Sunday, October 18, 2009

How to destroy an NFL football team


When Tim Ruskell took over the General Manager duties from Mike Holmgren in 2005, the Seattle Seahawks were stocked full of top-tier talent built for the unique West Coast Offense that Holmgren had run to near perfection since joining the Seahawks from the Green Bay Packers.

In 2005, the Seahawks went to the Super Bowl.

Critics hailed Ruskell's abilities as a GM, despite the fact that Holmgren, who handled all personnel decisions that built the team into the NFC powerhouse they had become, was the mechanic behind the sleek Seahawks engine.

And then Ruskell, basking in the glow of false confidence, placed a nuclear bomb deep within the recesses of the Seattle Seahawks franchise, slipped away into his fallout shelter, and waited, fingers twitching, eyes darting, wondering if anyone would be left alive to point the finger at him.

The nuclear bomb has officially exploded. For those of you interested in becoming a General Manager one day, or anyone struggling to figure out the salary cap penalties his franchise is mysteriously accruing in Madden 2010, this is an exploration in what NOT to do ... don't get confused though, Ruskell only built his bunker for one ... you'll be left to melt in the radiation.

Now, the Seahawks are in a unique position in the NFL because of their deep-pocketed superowner, Paul Allen. Where other GMs may struggle to find the cash to splash on free agents or to pay signing bonuses to high-caliber rookies, the Seahawks have always had plenty of money on hand to take care of business. But money doesn't solve everything (as we're going to find out after the 2011 lockout and the uncapped 2012 season ... yikes), and in Ruskell's case, it was the non-financially motivated decisions that led to the dramatic decline of the Seattle Seahawks since the 2005 Super Bowl.

Outside of the NBA Draft, the NFL Draft can have the biggest impact on revitalizing a franchise and restocking the team with great young talent. When Holmgren was playing house, the Seahawks made smart trades (bringing in QB Matt Hasselbeck from Green Bay) and smart draft picks (All-Pro guard Steve Hutchinson, now with the undefeated Minnesota Vikings, whom Ruskell dumbfoundingly-decided not to resign a few years ago). But drafting isn't just about selecting the best-available players and plugging them in whenever they get a chance, it's about directly restocking the vital areas of a team:

  • Quarterback
  • Offensive tackle
  • Running back
  • Defensive end
  • Cornerback
  • Safety

Those are the six biggest needs to put together a successful franchise. You need offensive playmakers, someone to protect the blind side of your most important asset (your quarterback), someone to rush the opposing passer and penetrate the backfield, and finally a secondary that can properly defend against the pass.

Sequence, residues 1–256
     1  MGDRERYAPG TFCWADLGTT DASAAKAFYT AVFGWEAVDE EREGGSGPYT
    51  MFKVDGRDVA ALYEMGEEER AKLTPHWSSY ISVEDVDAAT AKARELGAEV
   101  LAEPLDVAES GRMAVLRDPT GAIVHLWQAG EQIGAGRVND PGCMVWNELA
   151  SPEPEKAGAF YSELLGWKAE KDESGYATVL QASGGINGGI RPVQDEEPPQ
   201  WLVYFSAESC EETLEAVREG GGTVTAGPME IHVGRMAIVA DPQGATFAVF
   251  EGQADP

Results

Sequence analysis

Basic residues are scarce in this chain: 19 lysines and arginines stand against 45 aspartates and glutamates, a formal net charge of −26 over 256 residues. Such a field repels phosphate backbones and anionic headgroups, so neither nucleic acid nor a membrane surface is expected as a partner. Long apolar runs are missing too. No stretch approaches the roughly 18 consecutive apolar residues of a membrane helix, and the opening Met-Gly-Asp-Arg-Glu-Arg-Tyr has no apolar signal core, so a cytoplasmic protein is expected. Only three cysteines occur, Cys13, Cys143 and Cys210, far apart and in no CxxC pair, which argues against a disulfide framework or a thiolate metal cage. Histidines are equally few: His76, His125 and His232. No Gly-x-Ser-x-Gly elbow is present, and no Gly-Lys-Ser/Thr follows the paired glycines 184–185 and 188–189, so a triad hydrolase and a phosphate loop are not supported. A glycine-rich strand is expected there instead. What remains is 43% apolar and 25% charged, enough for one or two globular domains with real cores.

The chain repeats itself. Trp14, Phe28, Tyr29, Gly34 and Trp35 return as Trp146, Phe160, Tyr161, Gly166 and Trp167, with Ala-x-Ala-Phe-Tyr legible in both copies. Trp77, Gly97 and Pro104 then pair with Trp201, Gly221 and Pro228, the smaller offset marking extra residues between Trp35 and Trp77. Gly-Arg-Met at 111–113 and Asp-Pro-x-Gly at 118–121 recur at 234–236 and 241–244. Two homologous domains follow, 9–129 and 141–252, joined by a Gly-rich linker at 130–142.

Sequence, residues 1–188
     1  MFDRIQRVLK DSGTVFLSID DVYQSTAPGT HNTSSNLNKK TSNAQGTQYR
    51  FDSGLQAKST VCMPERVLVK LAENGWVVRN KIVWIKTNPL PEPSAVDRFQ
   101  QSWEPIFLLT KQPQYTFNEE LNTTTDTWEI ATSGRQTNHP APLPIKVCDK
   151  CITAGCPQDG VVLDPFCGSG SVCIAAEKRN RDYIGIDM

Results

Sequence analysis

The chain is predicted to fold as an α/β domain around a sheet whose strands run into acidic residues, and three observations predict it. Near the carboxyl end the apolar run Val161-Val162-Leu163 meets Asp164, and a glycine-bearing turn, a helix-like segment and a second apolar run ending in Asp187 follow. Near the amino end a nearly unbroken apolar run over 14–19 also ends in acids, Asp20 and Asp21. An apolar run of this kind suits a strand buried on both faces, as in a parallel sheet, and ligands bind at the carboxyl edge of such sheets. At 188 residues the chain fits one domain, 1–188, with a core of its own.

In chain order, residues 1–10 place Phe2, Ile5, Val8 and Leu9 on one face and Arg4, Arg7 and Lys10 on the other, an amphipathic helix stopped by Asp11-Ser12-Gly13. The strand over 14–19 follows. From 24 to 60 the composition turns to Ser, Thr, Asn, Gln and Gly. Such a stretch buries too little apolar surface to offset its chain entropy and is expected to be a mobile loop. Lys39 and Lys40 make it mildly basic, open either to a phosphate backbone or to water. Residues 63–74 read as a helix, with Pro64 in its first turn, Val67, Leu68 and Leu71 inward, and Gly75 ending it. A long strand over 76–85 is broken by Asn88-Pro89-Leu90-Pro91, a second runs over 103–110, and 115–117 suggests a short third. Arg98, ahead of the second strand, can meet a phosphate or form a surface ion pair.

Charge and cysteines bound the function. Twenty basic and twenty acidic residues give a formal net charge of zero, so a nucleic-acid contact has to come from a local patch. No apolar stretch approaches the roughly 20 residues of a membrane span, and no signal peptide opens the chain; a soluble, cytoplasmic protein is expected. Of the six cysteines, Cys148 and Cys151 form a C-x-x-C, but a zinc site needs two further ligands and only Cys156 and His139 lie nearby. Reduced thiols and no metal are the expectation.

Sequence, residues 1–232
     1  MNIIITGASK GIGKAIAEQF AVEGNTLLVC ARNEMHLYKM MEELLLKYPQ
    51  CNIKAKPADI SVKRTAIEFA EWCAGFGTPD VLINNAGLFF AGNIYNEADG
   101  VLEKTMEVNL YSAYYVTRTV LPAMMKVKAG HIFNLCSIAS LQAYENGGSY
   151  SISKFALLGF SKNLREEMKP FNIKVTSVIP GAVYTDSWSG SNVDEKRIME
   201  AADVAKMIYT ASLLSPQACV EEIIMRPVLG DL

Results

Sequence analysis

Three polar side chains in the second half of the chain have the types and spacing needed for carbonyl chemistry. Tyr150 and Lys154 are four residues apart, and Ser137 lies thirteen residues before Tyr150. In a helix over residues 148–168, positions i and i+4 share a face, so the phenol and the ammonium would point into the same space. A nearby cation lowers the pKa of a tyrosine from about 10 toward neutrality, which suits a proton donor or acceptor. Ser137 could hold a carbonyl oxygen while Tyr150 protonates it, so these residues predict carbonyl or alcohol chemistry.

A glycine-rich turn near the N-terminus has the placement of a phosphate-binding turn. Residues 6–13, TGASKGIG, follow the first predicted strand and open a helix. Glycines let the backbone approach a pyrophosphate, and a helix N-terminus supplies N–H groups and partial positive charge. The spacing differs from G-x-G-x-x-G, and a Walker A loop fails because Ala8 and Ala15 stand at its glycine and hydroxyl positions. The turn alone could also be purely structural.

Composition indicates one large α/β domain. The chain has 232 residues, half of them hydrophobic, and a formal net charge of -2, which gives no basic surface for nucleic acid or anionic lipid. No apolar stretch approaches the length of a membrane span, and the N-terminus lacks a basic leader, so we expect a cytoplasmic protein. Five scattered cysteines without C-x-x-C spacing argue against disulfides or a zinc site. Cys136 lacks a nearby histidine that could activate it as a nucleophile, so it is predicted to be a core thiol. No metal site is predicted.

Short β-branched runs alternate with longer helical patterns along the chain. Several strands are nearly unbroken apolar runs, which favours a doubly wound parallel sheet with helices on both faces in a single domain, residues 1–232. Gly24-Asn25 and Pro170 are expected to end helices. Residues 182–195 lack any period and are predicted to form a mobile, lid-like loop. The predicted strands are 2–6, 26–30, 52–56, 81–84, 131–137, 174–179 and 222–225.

In 2005, the Seahawks had all of those positions locked up with Pro-Bowlers (not professional bowlers, that wouldn't make sense) and successful role players. When Ruskell took over the franchise, however, he made the crucial mistake to not restock those positions with talented draft picks who could learn the position slowly from veterans in front of them before the natural "changing of the guard" could take place.

But Ruskell didn't just make that mistake once.

He made it four times.

Bill Belichick, the moody genius head coach of the New England Patriots, consistently used his draft picks, especially later-round draft picks, to fill his squad with barrels of ammunition that led the team to multiple Super Bowl titles in the decade. Tom Brady was famously drafted in the sixth round.

The point is that PLAYER EVALUATION is a General Manager's single most-important responsibility. A GM that can't properly evaluate talent, as the Seattle Mariners found out (cough ... Bill Bavasi ... cough), can single-handedly destroy your team. So the question hangs: Is Ruskell a good judge of talent? Is he capable of handling his primary function as an employee of the Seattle Seahawks? Would you keep a beer vendor who somehow filled every plastic cup with orange juice without ever realizing or accepting that he was bad at his job?

So just keeping in mind how much Belichick valued making smart draft picks and keeping in mind how critical player evaluation and restocking your team via the draft are, let's take a look at what Ruskell has done since he took over the team in 2005, starting with the 2006 NFL Draft.

2006 NFL Draft

  • Ruskell drafts CB Kelly Jennings (What's better than a beanpole 5'8" cornerback who can't cover, tackle, or sprint? Using a first-round draft pick on one! This pick is still haunting Seahawks fans, considering starting CB Marcus Trufant is hurt, they had to use free agent cash to bring back former Seahawk corner Ken Lucas, and they used another draft pick in 2007 on cornerback Josh Wilson, another tiny cornerback with injury-problems in the last few years ... I'm getting hives just remembering all of this stuff.)
  • Ruskell drafts DE Darryl Tapp (Just keep an eye on these numbers ... Total defensive linemen drafted by Tim Ruskell since 2006: 1, number of starters produced: 0)